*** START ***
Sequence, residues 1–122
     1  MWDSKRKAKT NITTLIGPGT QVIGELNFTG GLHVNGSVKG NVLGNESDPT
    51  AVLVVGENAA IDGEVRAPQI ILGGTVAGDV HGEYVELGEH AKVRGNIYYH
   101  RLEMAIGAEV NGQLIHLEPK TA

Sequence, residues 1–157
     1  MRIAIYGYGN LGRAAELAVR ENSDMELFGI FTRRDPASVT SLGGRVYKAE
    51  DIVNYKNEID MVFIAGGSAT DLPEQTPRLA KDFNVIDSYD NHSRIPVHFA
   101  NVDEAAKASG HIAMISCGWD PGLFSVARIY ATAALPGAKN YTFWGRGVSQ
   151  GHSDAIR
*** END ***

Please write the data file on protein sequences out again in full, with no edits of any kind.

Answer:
Sequence, residues 1–122
     1  MWDSKRKAKT NITTLIGPGT QVIGELNFTG GLHVNGSVKG NVLGNESDPT
    51  AVLVVGENAA IDGEVRAPQI ILGGTVAGDV HGEYVELGEH AKVRGNIYYH
   101  RLEMAIGAEV NGQLIHLEPK TA

Sequence, residues 1–157
     1  MRIAIYGYGN LGRAAELAVR ENSDMELFGI FTRRDPASVT SLGGRVYKAE
    51  DIVNYKNEID MVFIAGGSAT DLPEQTPRLA KDFNVIDSYD NHSRIPVHFA
   101  NVDEAAKASG HIAMISCGWD PGLFSVARIY ATAALPGAKN YTFWGRGVSQ
   151  GHSDAIR